I was dismayed when I read Backpacker magazine recently. I worked for the National Park Service for eight years, and I’ve been a guide in Yellowstone National Park. I know there are some places we can hike to and camp at safely, and some places we should leave alone.
But now we have Backpacker magazine,
which boasts that it is the world’s first GPS-enabled
magazine, using Global Positioning Systems to reveal the
coordinates of wild places. In a note from editor Jonathan Dorn in
the April issue we’re told: "When you turn to our special
Glen Canyon and Yellowstone maps, you’ll see little dots
marking key points of interest along the routes. Those dots are
attached in turn to GPS coordinates. Plot them on a topo or
download them to a GPS unit, and you can boldly go where
practically no one has gone before."
National Park, grizzlies have gone these ways before, and they need
solitude and space to survive in an increasingly crowded and
hemmed-in world. Letting the world know about these seldom-visited
places just might invite disaster.
Of course, we all need
to know the basics of a place. We expect to find articles in a
magazine for backcountry hikers that are packed with information
about where a trailhead is located, the wildlife we can expect to
see, and the special regulations that might apply, as well as
dangers (think grizzlies) we need to know about.
Backpacker approach took a different tack: It
deliberately sent tourists into extremely remote places of
Yellowstone National Park, far from the required designated
campsites. What’s more, the selected destinations seemed to
go through some of the most dangerous and sensitive areas in the
Just out of curiosity, I called the park’s
backcountry office and spoke with staffer Anita Varley, to see if
she and others were even aware of the April issue. She was well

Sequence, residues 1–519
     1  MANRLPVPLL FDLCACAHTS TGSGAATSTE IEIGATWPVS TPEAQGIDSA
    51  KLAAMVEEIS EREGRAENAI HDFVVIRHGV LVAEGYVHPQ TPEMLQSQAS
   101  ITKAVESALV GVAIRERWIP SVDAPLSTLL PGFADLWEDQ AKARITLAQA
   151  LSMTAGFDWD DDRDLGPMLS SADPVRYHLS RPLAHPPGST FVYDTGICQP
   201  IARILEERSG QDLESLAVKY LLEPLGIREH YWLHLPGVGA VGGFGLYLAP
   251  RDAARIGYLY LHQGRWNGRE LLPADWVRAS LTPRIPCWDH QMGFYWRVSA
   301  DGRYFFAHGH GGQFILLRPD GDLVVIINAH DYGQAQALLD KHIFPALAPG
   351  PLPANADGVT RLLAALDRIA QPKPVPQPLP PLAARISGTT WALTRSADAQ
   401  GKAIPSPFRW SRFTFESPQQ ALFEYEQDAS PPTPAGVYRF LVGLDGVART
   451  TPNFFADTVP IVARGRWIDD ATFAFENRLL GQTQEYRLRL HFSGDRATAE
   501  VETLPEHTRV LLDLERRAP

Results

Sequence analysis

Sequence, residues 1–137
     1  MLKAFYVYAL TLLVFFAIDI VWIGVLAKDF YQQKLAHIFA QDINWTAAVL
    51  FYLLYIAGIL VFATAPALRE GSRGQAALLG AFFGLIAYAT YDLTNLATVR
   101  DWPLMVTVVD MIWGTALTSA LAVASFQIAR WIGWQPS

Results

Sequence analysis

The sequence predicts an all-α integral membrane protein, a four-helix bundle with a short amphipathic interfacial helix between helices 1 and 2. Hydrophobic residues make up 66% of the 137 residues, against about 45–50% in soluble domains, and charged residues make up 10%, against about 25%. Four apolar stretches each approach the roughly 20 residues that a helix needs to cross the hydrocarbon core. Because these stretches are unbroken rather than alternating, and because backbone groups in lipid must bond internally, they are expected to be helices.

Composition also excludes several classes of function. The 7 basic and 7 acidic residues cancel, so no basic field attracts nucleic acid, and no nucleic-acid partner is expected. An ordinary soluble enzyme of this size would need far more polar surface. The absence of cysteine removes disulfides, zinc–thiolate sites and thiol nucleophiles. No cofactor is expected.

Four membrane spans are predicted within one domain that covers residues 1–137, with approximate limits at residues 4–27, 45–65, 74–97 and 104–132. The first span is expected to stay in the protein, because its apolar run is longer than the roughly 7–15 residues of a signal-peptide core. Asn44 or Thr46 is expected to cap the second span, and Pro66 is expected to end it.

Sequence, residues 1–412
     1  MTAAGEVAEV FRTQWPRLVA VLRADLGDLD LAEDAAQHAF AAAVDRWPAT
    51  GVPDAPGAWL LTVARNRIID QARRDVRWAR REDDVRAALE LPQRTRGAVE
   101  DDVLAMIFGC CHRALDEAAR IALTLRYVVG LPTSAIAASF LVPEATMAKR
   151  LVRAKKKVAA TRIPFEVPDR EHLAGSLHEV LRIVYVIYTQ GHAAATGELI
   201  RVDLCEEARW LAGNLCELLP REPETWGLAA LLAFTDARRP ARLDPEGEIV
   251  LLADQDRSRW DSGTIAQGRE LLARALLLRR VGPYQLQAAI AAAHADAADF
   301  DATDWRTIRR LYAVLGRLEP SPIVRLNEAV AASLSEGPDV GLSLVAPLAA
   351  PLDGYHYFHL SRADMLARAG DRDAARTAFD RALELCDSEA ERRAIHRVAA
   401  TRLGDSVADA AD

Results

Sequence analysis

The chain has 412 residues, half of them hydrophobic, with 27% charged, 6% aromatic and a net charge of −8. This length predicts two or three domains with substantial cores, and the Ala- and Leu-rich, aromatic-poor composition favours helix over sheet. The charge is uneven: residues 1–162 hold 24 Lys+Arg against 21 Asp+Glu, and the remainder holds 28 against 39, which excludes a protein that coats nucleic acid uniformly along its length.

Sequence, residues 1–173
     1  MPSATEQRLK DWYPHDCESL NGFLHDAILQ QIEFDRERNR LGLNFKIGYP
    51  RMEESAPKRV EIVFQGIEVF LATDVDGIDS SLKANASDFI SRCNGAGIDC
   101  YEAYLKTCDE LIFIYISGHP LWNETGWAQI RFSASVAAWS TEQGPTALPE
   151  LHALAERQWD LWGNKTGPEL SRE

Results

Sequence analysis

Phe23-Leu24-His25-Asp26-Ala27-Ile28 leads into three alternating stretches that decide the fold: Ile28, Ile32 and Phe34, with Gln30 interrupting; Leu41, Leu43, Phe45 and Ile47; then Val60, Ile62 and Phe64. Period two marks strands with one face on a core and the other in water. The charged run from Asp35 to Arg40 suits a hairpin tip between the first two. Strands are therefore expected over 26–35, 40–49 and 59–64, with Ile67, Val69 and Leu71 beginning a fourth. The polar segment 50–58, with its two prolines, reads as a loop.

aware of it. In the weeks that passed since publication, her office
had been busy with damage control.
Varley wrote a
three-page letter to Backpacker, spelling out
her objections: three errors that put backpackers in Yellowstone on
three illegal routes, the failure to mention at least five
potential dangers that visitors might encounter, and the fact that
the magazine neglected to warn readers that their very presence in
these remote areas could displace grizzly bears or cause damage to
Varley opened her lengthy letter to the
editor by warning that "Backpacker
magazine’s lack of fact-checking could lead to your readers
getting injured or arrested unnecessarily." Instead of sending
backpackers to fragile parts of Yellowstone, she said, "an appeal
for their protection would have been appropriate."
Protecting places by urging people to stay away from them probably
doesn’t sell well as a message to magazine readers. But
sharing secret places can bring unexpected results. Thanks to
today’s GPS technology, hikers following the routes
recommended by magazines may find lots of other people just like
them, making formerly remote places crowded and "loved to death."
Varley said one region in Yellowstone was recently
profiled by two sources, resulting in a "horrific increase" in
visitors. It is no secret that the budget for Yellowstone and other
national parks can’t begin to fund the job required; when
millions of people descend on Yellowstone or Glen Canyon,
overworked rangers are hard put to keep everybody out of trouble.
The executive editor of Backpacker
told Yellowstone managers that he would "print corrections where
appropriate." That’s nice. But whether that turns people away
from grizzly areas or saves anyone from physical injury because
they’re in the wrong place at the wrong time won’t be
known until this summer’s hiking season is over.